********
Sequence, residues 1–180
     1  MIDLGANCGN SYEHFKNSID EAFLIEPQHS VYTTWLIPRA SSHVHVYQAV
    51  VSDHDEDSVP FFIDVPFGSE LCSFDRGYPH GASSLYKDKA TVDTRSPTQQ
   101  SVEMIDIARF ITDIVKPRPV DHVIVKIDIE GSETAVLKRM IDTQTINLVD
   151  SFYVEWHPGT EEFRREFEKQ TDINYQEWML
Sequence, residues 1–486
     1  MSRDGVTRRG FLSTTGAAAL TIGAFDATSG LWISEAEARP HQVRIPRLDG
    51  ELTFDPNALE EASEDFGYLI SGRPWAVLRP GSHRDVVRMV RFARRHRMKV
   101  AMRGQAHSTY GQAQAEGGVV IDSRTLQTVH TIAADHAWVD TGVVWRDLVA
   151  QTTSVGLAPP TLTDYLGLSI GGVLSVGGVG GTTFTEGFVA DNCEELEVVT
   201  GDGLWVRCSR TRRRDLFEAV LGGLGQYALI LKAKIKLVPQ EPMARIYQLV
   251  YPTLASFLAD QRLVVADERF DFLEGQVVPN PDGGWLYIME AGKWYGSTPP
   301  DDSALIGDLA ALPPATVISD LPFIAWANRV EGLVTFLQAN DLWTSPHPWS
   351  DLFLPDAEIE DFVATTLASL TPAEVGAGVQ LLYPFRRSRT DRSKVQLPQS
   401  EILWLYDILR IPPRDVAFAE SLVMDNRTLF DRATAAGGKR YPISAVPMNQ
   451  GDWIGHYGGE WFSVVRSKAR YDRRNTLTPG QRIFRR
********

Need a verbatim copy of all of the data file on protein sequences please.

Sequence, residues 1–180
     1  MIDLGANCGN SYEHFKNSID EAFLIEPQHS VYTTWLIPRA SSHVHVYQAV
    51  VSDHDEDSVP FFIDVPFGSE LCSFDRGYPH GASSLYKDKA TVDTRSPTQQ
   101  SVEMIDIARF ITDIVKPRPV DHVIVKIDIE GSETAVLKRM IDTQTINLVD
   151  SFYVEWHPGT EEFRREFEKQ TDINYQEWML
Sequence, residues 1–486
     1  MSRDGVTRRG FLSTTGAAAL TIGAFDATSG LWISEAEARP HQVRIPRLDG
    51  ELTFDPNALE EASEDFGYLI SGRPWAVLRP GSHRDVVRMV RFARRHRMKV
   101  AMRGQAHSTY GQAQAEGGVV IDSRTLQTVH TIAADHAWVD TGVVWRDLVA
   151  QTTSVGLAPP TLTDYLGLSI GGVLSVGGVG GTTFTEGFVA DNCEELEVVT
   201  GDGLWVRCSR TRRRDLFEAV LGGLGQYALI LKAKIKLVPQ EPMARIYQLV
   251  YPTLASFLAD QRLVVADERF DFLEGQVVPN PDGGWLYIME AGKWYGSTPP
   301  DDSALIGDLA ALPPATVISD LPFIAWANRV EGLVTFLQAN DLWTSPHPWS
   351  DLFLPDAEIE DFVATTLASL TPAEVGAGVQ LLYPFRRSRT DRSKVQLPQS
   401  EILWLYDILR IPPRDVAFAE SLVMDNRTLF DRATAAGGKR YPISAVPMNQ
   451  GDWIGHYGGE WFSVVRSKAR YDRRNTLTPG QRIFRR